Rheumatoid arthritis - NYSORA | NYSORA

Rheumatoid arthritis

Learning objectives

  • Describe rheumatoid arthritis
  • Recognize the symptoms and signs of rheumatoid arthritis
  • Anesthetic management of a patient with rheumatoid arthritis

Definition and mechanisms

  • Rheumatoid arthritis (RA) is a chronic autoimmune inflammatory disorder that mainly affects the synovial joints → symmetrical erosive polyarthropathy
  • Early RA affects the smaller joints first (hands and feet)
  • As RA progresses, symptoms spread to the wrists, knees, ankles, elbows, hips, and shoulders
  • Periods of increased disease activity (flares) alternate with periods of relative remission
  • RA also affects other organs in more than 15-25% of the cases → systemic

Signs and symptoms

  • Tender, warm, swollen joints
  • Joint stiffness that is usually worse in the mornings and after inactivity
  • Fatigue, fever, loss of appetite
  • The painful swelling can eventually result in bone erosion and joint deformity

Risk factors

  • Female gender
  • Family history
  • Increasing age
  • Smoking
  • Overweight


  • Osteoporosis
  • Rheumatoid nodules
  • Dry eyes and mouth (Sjogren’s syndrome)
  • Infections
  • Abnormal body composition
  • Carpal tunnel syndrome
  • Cardiovascular disease
  • Lung disease
  • Lymphoma

Extra-articular manifestations

  • Neurological: Central neuropathy, peripheral neuropathy (carpal tunnel syndrome), autonomic neuropathy
  • Ocular: Kerato-conjuctivitis
  • Cardiovascular: Pericarditis, pericardial effusion, cardiac tamponade, valvular heart disease (usually regurgitation), conduction abnormalities, granulomatous disease, endocarditis or myocarditis, coronary artery disease
  • Respiratory: Reduced chest wall compliance (costochondral disease), pleural effusion, restrictive lung disease, pulmonary nodule
  • Hematological: Anemia [chronic disease, iron deficiency (bleeding) and bone marrow suppression from medication], thrombocytopenia, Felty’s syndrome, lymphoma
  • Hepatic: Hepatic fibrosis, hepatomegaly with splenomegaly, hypoalbuminemia
  • Renal: Glomerulonephritis, tubulointerstitial nephritis, amyloidosis
  • Skin: Fragile skin, pyoderma gangrenosum, Sicca syndrome, scleritis, scleromalacia perforans
  • Musculoskeletal: Osteoporosis


  • Medications: Relieve pain, reduce inflammation, slow down the progression of RA
    • Non-steroidal anti-inflammatory drugs (NSAIDs): Ibuprofen and naproxen
    • Corticosteroids: Prednisone
    • Conventional disease-modifying anti-rheumatic drugs (DMARDs): Methotrexate, leflunomide, hydroxychloroquine, and sulfasalazine
    • Biological DMARDs: Abatacept, adalimumab, anakinra, certolizumab, etanercept, golimumab, infliximab, rituximab, sarilumab, and tocilizumab
    • Targeted synthetic DMARDs: Baricitinib, tofacitinib, and upadacitinib
  • Physical therapy: To reduce pain and stiffness
  • Surgery: Repair damaged joints to restore function and reduce pain
    • Synovectomy
    • Tendon repair
    • Joint fusion
    • Total joint replacement


rheumatoid arthritis, preoperative, intraoperative, postoperative, management, obstetric anesthesia, systemic disease, thromboprophylaxis, difficult airway, atlantoaxial instability, cricoarytenoid arthritis, antibiotics, breathing exercises, infection, pain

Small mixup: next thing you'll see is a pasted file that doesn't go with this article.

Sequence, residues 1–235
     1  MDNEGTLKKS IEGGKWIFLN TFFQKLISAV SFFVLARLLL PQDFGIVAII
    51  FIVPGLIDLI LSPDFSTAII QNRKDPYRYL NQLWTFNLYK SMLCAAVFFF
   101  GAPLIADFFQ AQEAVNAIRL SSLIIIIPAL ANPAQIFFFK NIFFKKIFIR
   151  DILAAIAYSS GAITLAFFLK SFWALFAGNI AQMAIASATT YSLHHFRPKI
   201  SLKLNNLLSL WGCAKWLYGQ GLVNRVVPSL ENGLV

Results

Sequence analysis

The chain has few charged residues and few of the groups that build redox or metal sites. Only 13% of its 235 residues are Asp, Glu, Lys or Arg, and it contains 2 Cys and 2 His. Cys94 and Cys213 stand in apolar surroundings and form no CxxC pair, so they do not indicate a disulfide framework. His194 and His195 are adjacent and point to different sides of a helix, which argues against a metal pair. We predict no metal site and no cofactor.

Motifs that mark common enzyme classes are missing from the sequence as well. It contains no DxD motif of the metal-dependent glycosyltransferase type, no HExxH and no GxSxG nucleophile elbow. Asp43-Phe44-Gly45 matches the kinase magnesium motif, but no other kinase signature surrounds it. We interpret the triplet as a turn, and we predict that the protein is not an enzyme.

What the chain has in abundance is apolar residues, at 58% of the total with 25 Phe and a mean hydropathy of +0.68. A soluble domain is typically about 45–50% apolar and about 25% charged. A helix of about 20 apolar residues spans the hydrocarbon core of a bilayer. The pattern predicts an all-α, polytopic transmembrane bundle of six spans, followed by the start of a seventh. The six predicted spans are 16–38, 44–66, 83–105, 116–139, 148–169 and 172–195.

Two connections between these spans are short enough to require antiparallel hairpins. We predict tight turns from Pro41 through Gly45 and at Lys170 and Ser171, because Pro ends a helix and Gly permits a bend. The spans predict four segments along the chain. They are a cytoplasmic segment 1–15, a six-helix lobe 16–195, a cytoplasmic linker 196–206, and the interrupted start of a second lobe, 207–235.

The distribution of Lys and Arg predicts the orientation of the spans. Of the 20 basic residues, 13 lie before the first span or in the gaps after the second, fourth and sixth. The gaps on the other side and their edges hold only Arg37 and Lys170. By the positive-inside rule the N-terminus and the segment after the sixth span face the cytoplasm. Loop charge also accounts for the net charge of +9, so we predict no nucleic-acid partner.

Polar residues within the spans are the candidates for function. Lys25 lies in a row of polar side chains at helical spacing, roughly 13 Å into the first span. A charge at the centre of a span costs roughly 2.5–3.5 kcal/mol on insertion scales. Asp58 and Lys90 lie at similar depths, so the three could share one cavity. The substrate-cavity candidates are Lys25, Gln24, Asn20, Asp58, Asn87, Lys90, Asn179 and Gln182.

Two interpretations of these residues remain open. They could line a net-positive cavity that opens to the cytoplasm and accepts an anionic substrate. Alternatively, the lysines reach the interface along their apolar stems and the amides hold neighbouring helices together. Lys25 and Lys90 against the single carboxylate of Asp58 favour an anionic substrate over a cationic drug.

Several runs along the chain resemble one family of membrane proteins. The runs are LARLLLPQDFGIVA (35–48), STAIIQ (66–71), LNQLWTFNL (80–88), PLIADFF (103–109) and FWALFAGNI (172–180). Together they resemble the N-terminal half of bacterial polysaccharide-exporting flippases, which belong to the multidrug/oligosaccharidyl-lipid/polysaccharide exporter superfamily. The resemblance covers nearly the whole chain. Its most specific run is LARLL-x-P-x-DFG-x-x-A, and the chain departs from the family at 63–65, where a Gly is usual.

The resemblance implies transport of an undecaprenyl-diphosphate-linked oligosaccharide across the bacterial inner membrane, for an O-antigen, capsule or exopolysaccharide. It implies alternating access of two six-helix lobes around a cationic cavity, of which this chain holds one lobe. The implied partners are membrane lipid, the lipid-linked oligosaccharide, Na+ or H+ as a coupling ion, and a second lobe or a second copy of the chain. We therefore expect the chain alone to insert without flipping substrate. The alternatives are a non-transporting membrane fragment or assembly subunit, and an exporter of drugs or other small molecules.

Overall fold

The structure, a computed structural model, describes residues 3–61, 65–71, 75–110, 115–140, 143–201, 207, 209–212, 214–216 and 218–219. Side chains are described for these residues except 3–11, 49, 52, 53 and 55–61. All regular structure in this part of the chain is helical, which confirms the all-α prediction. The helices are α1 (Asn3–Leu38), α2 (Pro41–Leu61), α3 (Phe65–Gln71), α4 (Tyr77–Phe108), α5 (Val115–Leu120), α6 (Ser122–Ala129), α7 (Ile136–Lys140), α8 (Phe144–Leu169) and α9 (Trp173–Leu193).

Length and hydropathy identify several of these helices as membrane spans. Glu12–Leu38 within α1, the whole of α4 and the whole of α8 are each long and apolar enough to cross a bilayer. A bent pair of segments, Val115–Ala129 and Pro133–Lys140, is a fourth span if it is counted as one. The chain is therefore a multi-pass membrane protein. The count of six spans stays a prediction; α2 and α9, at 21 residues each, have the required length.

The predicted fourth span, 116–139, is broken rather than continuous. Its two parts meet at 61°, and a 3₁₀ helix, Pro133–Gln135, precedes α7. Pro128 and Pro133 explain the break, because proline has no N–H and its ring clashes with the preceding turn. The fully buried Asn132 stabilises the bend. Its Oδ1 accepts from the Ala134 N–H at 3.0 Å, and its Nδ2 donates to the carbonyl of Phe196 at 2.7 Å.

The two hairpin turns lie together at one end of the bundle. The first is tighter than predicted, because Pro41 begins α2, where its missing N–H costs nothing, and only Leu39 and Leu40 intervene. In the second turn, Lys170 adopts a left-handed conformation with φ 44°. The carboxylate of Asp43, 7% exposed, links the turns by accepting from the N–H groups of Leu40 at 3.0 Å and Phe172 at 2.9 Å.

Recommendations on how to deal with RA medications during elective surgical procedures

MedicationAdministration during surgical procedure
CorticosteroidsSee next table
Conventional DMARDsContinue
Biologic DMARDsWithhold before surgery and schedule surgery at the end of the dosing cycle
Targeted synthetic DMARDsWithhold at least 7 days prior to surgery

Recommended steroid doses during surgery

Type of surgeryEndogenous cortisol secretion rateExamplesRecommended steroid dosing
Superficial8-10 mg/day (baseline)Dental surgery, biopsyUsual daily dose
Minor50 mg/dayInguinal hernia, colonoscopy, uterine curettage, hand surgeryUsual daily dose
hydrocortisone 50 mg i.v. before incision + hydrocortisone 25 mg i.v. every 8 hrs for 1 day + usual daily dose
Moderate75-150 mg/dayLow extremity revascularization, total joint replacement, cholecystectomy, colon cancer, abdominal hysterectomyUsual daily dose
hydrocortisone 50 mg i.v. before incision + hydrocortisone 25 mg i.v. every 8 hrs for 1 day + usual daily dose
Major75-150 mg/dayEsophagectomy, total proctocolectomy, major cardiac/vascular surgery, hepaticojejenostomy, delivery, traumaUsual daily dose
hydrocortisone 100 mg i.v. before incision + continuous i.v. infusion of hydrocortisone 200 mg for >1 day
hydrocortisone 50 mg i.v. every 8 hours/day + taper dose by half/day until usual daily dose reached and continuous i.v. fluids with 5% dextrose and 0.2-0.45% sodium chloride, based on degree of hypoglycemia

Keep in mind

  • Carefully perform a preoperative evaluation to prevent complications and minimize injury
  • Anesthetic management strategies should consider RA-related systemic problems
  • Individualize postoperative management

Suggested reading

  • Kim HR, Kim SH. Perioperative and anesthetic management of patients with rheumatoid arthritis. Korean J Intern Med. 2022;37(4):732-739.
  • Samanta R, Shoukrey K, Griffiths R. Rheumatoid arthritis and anaesthesia. Anaesthesia. 2011;66(12):1146-1159.

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